Last week I spent an afternoon surrounded by the artwork of the Ladybird artist John Kenney. I went to The MERL (Museum of English Rural Life) in Reading where the Special Collections are stored. I’ve talked about MERL and the Ladybird room before on this blog but this time I went to see some of the original artwork of John Kenney which is not normally on display.
Although the majority of the original Ladybird artwork housed in the Reading University special collection is relatively modern (from the 1980s onwards) there are some wonderful sets, or part-sets, of artwork by some of the best-loved artists stored there. But space is very limited and so very little is on display at any one time.
Ladybird artist John Kenney died in 1972 so, of course, I never had a chance to meet him. But I have been friends with his family ever since I appeared on the Antiques Roadshow many moons ago. They live in Leicestershire so we don’t often get a chance to meet. But Clare, from the Univeristy of Reading Art Collections, invited the family to Reading to view the Kenney artwork stored there – and I was allowed to tag along.
John Kenney must have illustrated around 30 books for Ladybird and some or all of the artwork from around 17 of these books is kept at Reading. I myself have the artwork for one further Kenney Ladybird book – but it’s a bit of a mystery what happened to the rest.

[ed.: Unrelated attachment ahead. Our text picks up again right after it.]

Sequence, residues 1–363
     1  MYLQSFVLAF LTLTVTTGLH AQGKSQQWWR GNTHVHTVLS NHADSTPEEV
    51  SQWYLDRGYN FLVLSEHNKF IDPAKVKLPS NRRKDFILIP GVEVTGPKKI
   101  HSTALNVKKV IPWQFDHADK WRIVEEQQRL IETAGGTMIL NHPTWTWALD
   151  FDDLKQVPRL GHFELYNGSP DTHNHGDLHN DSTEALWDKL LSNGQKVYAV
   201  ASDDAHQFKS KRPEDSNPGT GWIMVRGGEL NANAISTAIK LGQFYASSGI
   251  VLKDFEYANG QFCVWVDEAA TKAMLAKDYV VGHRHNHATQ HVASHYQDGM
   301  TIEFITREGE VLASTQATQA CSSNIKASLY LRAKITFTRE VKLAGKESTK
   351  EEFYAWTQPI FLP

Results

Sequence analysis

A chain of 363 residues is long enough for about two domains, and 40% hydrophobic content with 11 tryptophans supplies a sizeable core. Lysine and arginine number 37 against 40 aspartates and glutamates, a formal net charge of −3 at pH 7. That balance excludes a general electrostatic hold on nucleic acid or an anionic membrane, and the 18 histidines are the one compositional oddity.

Clare had been very busy before we arrived, spreading the boxes of artwork out on a large table so we could peruse it in comfort. Now you may wonder why it is that someone as familiar with the Ladybird illustrations as I am should take so much pleasure in this.
But the fact is that the original Ladybird artwork is always a treat to behold; the colours so much more vivid and the artistry so more more apparent. In the case of the Kenney artwork, the scale of some of the pieces was a revelation. Kenney mainly earned his crust as a painter of hunting scenes in the Leicestershire area and when he began his first commission for Ladybird (King Alfred the Great) he seems to have taken one of his pre-existing canvases, rotated it from landscape to portrait and made a start.
I don’t think original Ladybird artwork can ever have been produced on a larger scale. This picture should give you an idea of the relative size to the completed book.
Tootles the Taxi is one of the best loved of all Ladybird books from the 1950s and 60s. Again the artwork is by Kenney, who also illustrated some of the original ‘Thomas the Tank Engine’ Railway series books for the Reverend Awdry. The similarities to the Railway Series books is clear – and the story goes that Kenney based his Tootles characters on Dinky toys.
The artist John Kenney’s family had previously shown me a charming couple of illustrations that he had Kenney produced as preparation for the Tootles commission. What made my visit to Reading unique on this occasion was that I was able to see the early preparatory painting alongside the final original artwork. Fear not: I took a photo so you can see them too.